Northern Lights College warns union of “significant changes” to campus operations

Mike Carter, Chetwynd Echo


CHETWYND – British Columbia’s provincial budget contains $51 million in cuts to advanced education funding over three years. These cuts will have an impact on most post-secondary institutions in the province.

The impact will be felt locally when Northern Lights College releases their 2014-15 budget in the coming months.

Right now, colleges and universities across the province are preparing to make adjustments to balance their budgets – meaning layoffs, program cuts and student fee increases are a possibility at the Chetwynd Northern Lights College Campus.

It could be until late spring or summer until we know just what steps the college will take to reach balanced budgets in each of its seven campuses in Atlin, Chetwynd, Dawson Creek, Dease Lake, Fort Nelson, Fort St. John and Tumbler Ridge.

Brad Lyon, executive director of communications and community relations with Northern Lights College (NLC) in Fort St. John said the college has informed the British Columbia Government and Service Employees Union (BCGEU), which represents the college’s employees that “significant changes” are in order for the school’s operation.

“We let the union known that there may be significant changes in the colleges operation in order to achieve a balanced budget,” Lyon said.

Because NLC is currently in the process of developing its 2014-15 budget, Lyon could not provide information on the specifics of what these significant changes may be.

“We’re in the midst of finalizing our budget deliberations,” he said. “If there are layoffs, and if there are staff impacted because of decisions that have to be made, [they will be] notified in due course.”

In the meantime, NLC and BCGEU, continue to meet regularly to hash out an adjustment plan, which will detail any cuts in positions or increases in student fees that might have to happen.

If both sides agree on an adjustment plan, it is enforceable as if it were part of the collective agreement between the employer and the union.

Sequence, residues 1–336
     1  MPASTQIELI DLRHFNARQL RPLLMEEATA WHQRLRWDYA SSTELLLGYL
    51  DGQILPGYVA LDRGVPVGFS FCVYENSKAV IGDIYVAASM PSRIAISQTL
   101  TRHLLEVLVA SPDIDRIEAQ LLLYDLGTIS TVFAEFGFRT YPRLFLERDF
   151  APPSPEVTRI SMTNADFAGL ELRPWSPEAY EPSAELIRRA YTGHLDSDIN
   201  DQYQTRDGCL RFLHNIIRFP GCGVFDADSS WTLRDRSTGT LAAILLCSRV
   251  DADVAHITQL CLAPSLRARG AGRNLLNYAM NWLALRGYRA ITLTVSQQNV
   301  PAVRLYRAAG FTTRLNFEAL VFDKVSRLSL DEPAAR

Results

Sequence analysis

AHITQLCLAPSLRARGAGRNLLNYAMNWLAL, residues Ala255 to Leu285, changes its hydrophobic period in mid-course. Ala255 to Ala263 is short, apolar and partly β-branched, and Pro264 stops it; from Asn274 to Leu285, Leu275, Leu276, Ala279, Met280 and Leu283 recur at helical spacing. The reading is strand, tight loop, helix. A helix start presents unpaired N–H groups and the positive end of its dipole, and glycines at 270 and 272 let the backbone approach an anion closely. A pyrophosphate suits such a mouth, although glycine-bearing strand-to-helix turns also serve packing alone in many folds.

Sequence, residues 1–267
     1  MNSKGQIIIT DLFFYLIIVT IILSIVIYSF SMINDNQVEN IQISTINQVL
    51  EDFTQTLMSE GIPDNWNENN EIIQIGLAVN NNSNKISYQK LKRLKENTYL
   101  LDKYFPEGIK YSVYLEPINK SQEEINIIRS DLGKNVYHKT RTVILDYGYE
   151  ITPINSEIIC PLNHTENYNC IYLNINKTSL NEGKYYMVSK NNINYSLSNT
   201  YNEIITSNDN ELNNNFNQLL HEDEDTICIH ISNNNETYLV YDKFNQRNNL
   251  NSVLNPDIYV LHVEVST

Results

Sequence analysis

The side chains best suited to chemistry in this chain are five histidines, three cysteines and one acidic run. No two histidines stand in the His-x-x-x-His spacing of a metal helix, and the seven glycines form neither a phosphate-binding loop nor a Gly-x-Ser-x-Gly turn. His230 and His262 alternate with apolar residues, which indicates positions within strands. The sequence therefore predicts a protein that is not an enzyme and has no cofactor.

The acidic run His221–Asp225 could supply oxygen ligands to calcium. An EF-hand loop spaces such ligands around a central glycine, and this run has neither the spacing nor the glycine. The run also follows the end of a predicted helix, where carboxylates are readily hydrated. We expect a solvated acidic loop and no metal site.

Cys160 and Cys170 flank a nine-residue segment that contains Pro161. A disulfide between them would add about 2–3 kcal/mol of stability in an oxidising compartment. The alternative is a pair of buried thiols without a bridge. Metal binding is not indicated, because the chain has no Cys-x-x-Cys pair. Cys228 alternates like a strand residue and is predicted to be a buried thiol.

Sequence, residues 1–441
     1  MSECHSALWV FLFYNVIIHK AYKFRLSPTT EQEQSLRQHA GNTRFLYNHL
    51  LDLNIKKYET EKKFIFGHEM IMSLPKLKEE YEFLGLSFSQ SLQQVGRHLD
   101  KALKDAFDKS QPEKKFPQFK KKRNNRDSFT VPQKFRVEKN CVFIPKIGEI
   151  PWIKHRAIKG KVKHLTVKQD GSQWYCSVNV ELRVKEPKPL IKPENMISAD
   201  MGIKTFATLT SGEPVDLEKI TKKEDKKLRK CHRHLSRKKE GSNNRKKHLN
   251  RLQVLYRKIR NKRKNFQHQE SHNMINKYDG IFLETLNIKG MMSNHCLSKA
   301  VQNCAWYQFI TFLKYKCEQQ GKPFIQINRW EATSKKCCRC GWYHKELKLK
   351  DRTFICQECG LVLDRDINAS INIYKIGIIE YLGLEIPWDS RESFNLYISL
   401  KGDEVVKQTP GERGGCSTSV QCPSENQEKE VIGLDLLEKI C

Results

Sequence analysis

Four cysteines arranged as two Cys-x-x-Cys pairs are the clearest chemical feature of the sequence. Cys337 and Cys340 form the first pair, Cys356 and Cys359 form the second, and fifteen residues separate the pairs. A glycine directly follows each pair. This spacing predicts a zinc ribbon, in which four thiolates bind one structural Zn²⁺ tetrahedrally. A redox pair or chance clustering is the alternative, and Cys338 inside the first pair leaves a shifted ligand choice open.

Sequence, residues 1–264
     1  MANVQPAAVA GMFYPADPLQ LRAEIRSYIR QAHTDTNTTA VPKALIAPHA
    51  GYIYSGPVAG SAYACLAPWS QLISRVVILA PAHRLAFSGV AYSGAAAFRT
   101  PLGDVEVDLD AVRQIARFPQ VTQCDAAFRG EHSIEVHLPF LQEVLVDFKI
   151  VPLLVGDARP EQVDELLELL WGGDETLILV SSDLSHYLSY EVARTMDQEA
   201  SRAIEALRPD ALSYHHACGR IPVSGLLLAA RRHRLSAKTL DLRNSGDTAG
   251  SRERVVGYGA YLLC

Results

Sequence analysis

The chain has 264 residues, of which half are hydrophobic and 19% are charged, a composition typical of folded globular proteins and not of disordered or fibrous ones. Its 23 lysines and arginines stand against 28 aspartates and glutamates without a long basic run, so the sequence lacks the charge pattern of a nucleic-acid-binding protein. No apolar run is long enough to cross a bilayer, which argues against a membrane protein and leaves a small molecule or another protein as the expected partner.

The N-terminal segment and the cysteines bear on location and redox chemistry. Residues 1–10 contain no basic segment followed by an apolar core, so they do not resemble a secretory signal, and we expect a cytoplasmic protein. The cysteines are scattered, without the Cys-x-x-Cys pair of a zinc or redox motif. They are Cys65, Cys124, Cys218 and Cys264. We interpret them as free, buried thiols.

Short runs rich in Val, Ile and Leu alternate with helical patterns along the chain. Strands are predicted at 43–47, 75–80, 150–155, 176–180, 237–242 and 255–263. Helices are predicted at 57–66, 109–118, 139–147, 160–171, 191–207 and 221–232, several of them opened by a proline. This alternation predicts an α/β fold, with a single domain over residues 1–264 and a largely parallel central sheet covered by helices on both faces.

Once negotiations surrounding the concept budget are complete, it will go before the school’s Board of Governors for approval.

This meeting is set for mid-April Lyon says.

“We have to have everything that [the] administration group is doing finalized and ready to be put in place for that presentation to the board in mid-April.”

The BCGEU is in regular consultation with Northern Lights, as part of the budget process.

“Our vice-president of Corporate Services is in consultation with our local union representatives and certainly there have been meetings and discussions to examine whatever options there are,” Lyon said.

“It’s very important to work with the union because any potential idea that can be floated might be a good one and if it’s one that could potentially save a job, then it’s worth exploring.”

In a release March 5, the British Columbia Government and Service Employees Union said the cuts undermine the credibility of the BC Liberal government’s Skills and Training Plan.

“The government’s training plan projects that BC will experience a shortage of up to 33,000 skilled workers by 2020,” said BCGEU president Darryl Walker. “And yet they’re cutting college and university funding at the very time we need to increase investment in advanced education.”

The impacts are already being felt in some post-secondary institutions around the province.

Burnaby’s British Columbia Institute of Technology recently passed a budget that includes staff reductions by attrition, delayed repairs and maintenance, and increased student fees.

Camosun College in Victoria faces a $2.5 million deficit, while Selkirk College looks at a $900,000 shortfall and Okanagan College $500,000.